This summer, I came across a wonderful designer, Rachy Newin. She has an extensive collection of designs with numerous shawls, my fave to make! She focuses on using hand-dyed yarns, including tonals, gradients, variegated, and speckled, and her patterns and Ravelry pages talk about how to select appropriate yarns for each of her patterns. In addition to her Ravelry page, she has a Facebook page, Facebook group, and Instagram account that she posts to throughout the day talking about, and seeking feedback on, her in-progress designs. Her social media presence has been so inspirational to me as a wanna-be, but not yet ready, designer. Her Facebook group, Crochet with Rachy, is extremely welcoming, and though most people talk about her designs, her policy is open to all crochet discussions — provided the discussions are inclusive. She is a vocal supporter of Ravelry’s anti-Trump and anti-white supremacy stance, and is an ally to LGBTQA+ and BIPOC designers and crafters (and people in general, I assume :). Actually, one of the first thing I noticed about her patterns is that they have low vision formats available – I can get behind someone who makes an effort for accessibility! In sum, I find Rachy inspirational – in both her patterns and her goal of creating inclusive spaces for crafting.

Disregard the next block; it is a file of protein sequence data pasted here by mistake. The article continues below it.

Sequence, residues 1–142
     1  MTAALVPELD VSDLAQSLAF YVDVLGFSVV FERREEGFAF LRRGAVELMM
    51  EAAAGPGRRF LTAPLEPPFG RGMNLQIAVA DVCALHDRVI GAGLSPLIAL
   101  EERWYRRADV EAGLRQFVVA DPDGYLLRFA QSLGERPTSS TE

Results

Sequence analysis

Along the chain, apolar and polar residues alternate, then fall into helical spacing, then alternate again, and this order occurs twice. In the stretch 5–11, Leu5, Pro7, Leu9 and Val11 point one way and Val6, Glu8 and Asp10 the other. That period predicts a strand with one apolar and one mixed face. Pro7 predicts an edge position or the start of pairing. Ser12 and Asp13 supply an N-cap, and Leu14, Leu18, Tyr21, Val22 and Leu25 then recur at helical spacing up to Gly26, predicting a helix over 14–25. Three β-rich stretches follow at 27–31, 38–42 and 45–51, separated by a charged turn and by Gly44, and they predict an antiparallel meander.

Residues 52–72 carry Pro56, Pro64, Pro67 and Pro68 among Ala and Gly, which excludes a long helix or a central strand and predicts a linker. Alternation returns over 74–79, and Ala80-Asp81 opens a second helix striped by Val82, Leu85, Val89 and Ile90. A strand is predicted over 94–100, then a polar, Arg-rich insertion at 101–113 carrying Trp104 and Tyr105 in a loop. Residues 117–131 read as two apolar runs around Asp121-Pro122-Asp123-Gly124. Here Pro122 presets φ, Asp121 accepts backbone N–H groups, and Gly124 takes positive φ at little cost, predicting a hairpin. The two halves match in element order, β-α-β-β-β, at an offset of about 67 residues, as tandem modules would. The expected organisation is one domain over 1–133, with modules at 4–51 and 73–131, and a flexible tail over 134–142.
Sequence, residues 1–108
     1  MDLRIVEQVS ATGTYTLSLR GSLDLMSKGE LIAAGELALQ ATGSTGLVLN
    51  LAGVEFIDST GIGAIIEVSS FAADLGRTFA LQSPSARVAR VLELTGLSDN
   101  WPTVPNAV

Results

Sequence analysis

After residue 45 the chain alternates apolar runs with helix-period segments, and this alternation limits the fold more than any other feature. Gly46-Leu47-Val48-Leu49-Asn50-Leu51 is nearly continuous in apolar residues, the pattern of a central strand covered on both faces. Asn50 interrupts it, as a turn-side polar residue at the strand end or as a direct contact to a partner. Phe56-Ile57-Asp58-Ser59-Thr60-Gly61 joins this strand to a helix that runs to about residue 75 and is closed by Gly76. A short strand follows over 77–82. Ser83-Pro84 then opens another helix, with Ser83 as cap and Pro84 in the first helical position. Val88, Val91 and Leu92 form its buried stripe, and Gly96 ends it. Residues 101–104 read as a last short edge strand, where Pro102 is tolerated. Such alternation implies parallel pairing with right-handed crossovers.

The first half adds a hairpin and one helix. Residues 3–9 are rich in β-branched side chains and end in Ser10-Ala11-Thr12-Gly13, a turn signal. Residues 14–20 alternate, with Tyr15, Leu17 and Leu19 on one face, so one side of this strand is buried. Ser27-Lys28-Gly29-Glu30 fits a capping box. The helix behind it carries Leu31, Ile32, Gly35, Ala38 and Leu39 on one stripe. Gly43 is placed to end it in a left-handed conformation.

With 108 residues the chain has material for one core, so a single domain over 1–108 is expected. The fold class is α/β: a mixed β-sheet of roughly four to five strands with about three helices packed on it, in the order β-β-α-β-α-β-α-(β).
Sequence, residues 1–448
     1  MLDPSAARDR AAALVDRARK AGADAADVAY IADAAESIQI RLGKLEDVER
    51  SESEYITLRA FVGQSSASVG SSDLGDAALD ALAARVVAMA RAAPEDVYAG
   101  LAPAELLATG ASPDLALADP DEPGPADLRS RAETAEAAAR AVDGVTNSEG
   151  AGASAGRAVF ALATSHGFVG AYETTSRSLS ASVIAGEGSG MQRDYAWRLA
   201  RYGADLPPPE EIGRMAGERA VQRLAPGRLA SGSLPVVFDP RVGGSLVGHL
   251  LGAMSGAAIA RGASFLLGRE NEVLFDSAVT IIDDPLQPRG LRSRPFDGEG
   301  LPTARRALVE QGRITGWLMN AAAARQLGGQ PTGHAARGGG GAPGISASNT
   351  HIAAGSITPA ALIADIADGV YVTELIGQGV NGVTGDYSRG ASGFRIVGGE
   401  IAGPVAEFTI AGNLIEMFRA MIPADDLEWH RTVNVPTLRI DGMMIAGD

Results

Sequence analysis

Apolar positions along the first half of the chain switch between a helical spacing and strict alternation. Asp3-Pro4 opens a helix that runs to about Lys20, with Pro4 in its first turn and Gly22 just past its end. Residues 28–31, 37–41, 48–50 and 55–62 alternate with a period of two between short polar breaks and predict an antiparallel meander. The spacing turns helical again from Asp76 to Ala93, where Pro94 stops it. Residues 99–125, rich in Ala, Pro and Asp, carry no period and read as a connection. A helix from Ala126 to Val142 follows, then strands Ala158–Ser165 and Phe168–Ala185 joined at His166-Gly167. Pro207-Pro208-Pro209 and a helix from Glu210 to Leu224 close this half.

When Rachy was seeking testers for her revamp of the Melting Pot Shawl, I immediately wanted to jump on board. The shawl calls for 5 yarns and uses 5 different lacy stitches as you move between the yarns. The inspiration for the shawl is diversity, and demonstrating how a variety of yarns can “melt” together beautifully. I had recently found five hand-dyed variegated yarns by Claudia Hand Painted Yarns at an excellent yarn store in Charlottesville, VA – Magpie Knits. I thought they would work together nicely in a shawl, and was interested in learning how to combine different variegated yarns as well as stitches. However, I had 50 grams (175 yards) of each color, versus the 20g each called for in the pattern, and I wanted to use all my yarn. I didn’t think I could complete this in the 10-day limit. I showed a picture of my yarn to Rachy, and explained my predicament, and she gave me 20 days to complete the test.
This project was truly an #agoesswhocrochetstravelyarns project. The yarn was purchased on a trip to Charlottesville, VA. I started at home, but worked on this project on a trip to Atlanta, California, France, and England.
The making of
Yarn: Claudia Hand Painted Yarns Addiction in Rock Creek, Scout’s Honor, Collards & Greens, Kelp Beds, and Turquoise Jeans
Hook: 3.75mm (F)
Final size: sides 94 inches/239 cm, 84 inches/213 cm, 32 inches/81cm
Rachy was curious about how to help people adapt the pattern for different amounts of yarn, and I needed to adapt it. However, when I started it, I thought I would still follow the same pattern repeat breaks that she provided. In other words, I might do more pattern repeats, but my plan was the end a repeat on the row she indicated. But after the first repeat, I became emboldened to be a bit more flexible. I documented by adaptations on my Ravelry project page. I was pleased with how my adaptations were not too complicated with the pattern but allowed me to use the most amount of yarn. Here’s what I had left:
My Melting Pot Shawl is large and cozy and shows off the beautiful yarn.